District Six families to fight eviction by new owner
After having withstood apartheid-forced removals, five District Six families are now facing eviction from their cottages on Searle Street by a private owner based in Mpumalanga. A row of Victorian cottages in District Six survived apartheid demolition after a Catholic religious order begged for their protection. The cottages were put up for sale by the […]
After having withstood apartheid-forced removals, five District Six families are now facing eviction from their cottages on Searle Street by a private owner based in Mpumalanga.
- A row of Victorian cottages in District Six survived apartheid demolition after a Catholic religious order begged for their protection.
- The cottages were put up for sale by the Holy Cross Sisters in 2014.
- Now six families are fighting an application for an eviction order brought by the new owner.
The five families, and a sixth who moved into the row of cottages in 2009, received notices on 29 June last year that their leases with the previous property owners, the Holy Cross Sisters, had been cancelled. They were given one month to vacate their homes.
When they resisted, the new owner, Mpumalanga-based businessman Etienne Du Toit, filed an application for an eviction order in August last year, and the families say he disconnected their electricity in December. The matter is set to be heard in the Western Cape High Court on 19 October.
One family has been living there since 1928, and another since 1938. Three others moved in during the 1970s. They argue that the State should expropriate the properties and offer fair compensation to the new owner. They say the State should consider the history of the location and the history of the current occupants – people of colour who avoided the forced removals that took place under the apartheid Group Areas Act.
Documents before the court include a letter dated 22 August 1969 from Cardinal McCann on behalf of the Holy Cross Sisters to the Community Development Department of the time asking that the church properties to be excluded from the District Six expropriation.
There are now fears the new owner would demolish the cottages and build a new development.
“The only reasonable deduction that one can make, in the absence of Du Toit’s stated intentions of what he wants to do with these properties is either demolish them or renovate them, the property would be to the benefit of others than the returning residents of District Six,” state the families in their opposition argument before the court.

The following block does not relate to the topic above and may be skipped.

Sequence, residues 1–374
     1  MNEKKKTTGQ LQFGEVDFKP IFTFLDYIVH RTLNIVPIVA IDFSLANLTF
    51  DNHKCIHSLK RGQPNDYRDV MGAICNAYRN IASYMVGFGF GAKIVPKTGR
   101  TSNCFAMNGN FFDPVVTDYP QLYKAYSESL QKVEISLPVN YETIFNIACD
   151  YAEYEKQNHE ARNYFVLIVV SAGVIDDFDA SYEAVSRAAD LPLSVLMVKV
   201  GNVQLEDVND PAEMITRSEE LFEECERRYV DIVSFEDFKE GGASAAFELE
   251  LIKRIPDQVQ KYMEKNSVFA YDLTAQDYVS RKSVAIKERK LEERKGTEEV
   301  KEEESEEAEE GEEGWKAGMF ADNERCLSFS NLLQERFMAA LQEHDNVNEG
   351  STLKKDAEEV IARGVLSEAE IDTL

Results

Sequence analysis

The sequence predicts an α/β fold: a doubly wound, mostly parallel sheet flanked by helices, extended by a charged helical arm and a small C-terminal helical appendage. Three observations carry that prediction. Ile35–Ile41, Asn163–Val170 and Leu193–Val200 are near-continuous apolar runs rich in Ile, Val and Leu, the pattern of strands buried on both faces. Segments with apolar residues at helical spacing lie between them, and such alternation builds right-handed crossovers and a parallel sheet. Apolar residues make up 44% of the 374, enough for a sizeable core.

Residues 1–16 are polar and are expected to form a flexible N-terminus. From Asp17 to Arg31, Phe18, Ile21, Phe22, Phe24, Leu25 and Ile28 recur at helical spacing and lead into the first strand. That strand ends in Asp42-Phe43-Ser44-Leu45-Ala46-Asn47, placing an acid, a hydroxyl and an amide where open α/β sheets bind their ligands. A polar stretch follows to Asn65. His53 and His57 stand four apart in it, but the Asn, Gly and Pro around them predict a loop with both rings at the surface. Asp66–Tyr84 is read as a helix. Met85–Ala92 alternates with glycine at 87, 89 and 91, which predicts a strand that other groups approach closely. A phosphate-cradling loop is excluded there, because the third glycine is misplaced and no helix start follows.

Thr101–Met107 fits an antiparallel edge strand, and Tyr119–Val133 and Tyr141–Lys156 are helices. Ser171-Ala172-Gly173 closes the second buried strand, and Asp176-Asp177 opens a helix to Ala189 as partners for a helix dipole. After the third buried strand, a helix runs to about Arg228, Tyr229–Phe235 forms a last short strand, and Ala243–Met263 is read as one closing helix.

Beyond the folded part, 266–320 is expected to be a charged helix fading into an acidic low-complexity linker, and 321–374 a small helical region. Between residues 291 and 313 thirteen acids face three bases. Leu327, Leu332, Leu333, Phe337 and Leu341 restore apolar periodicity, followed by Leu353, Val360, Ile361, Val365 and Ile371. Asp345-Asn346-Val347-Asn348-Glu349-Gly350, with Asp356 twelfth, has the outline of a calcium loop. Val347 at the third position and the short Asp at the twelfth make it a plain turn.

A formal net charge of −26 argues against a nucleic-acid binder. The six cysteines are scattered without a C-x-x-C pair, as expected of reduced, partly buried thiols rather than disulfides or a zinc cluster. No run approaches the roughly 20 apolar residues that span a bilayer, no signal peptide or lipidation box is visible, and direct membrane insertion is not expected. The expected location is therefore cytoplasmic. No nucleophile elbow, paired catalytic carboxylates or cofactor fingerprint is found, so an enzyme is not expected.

The City of Cape Town, which is a respondent in the matter, is opposing the eviction application.
“The reason the City is opposing the order is because the respondents rejected the offer of a housing kit made within the City’s available resources,” was the City’s response to questions from GroundUp.
According to the papers filed before the court, the cottages came into Du Toit’s hands after the former owners, the Holy Cross Sisters, decided to sell them in August 2013. Two months later, the families were told that Rawson Properties had been given the mandate to sell the properties.
The sale to Du Toit, for R2.45-million (R408,333 per cottage), was concluded in September 2014, but the properties were only registered in his name in June last year.
Sean Savage, who lives in one of the cottages, said his family has lived there since 1928. He returned to his childhood home to look after his ageing aunt, who has since died.
“District Six has been part of my life and my family’s life,” said Savage. He said District Six was “more than the buildings”.
“It was the people, it was the culture.”
“As people who belonged to this church and the community, to be experiencing now what others experienced during the apartheid years when they were forced out … We know now what that feeling was.”
He said having to live without electricity for the past six months was like “going back to the stone age”.
Ita Haricombe, a pensioner who has been living in one of the cottages since 2009 and volunteers at the church and a local school, said the uncertainty was emotionally draining.
“We’re stuck and we don’t know what to do,” said Haricombe. “It’s hard on us and it’s hard on our children.”
“Where are they going to throw us?” asked Haricombe.
Ben Mwasinga, a senior manager at the South African Heritage Resources Agency (SAHRA), said while there were development pressures across the city, SAHRA would like to see existing structures in District Six protected.
He said residents had been forcibly removed 57 years ago and were now returning as public housing was being built, and it was “contradictory” that families which survived the apartheid removals should now be forced out.
But he said SAHRA recognised private property rights and would respect the court’s decision.
Frankl Weber, the attorney representing the District Six residents, said the case was unique.
“It is unique in the historical context in that we have a community of people within the District Six community, some of whose families have been there for almost 100 years, and is an opportunity to provide adequate housing in terms of the constitution,” said Weber.
Du Toit’s attorney Wayne Hufkie had not responded to requests for comment at the time of publication.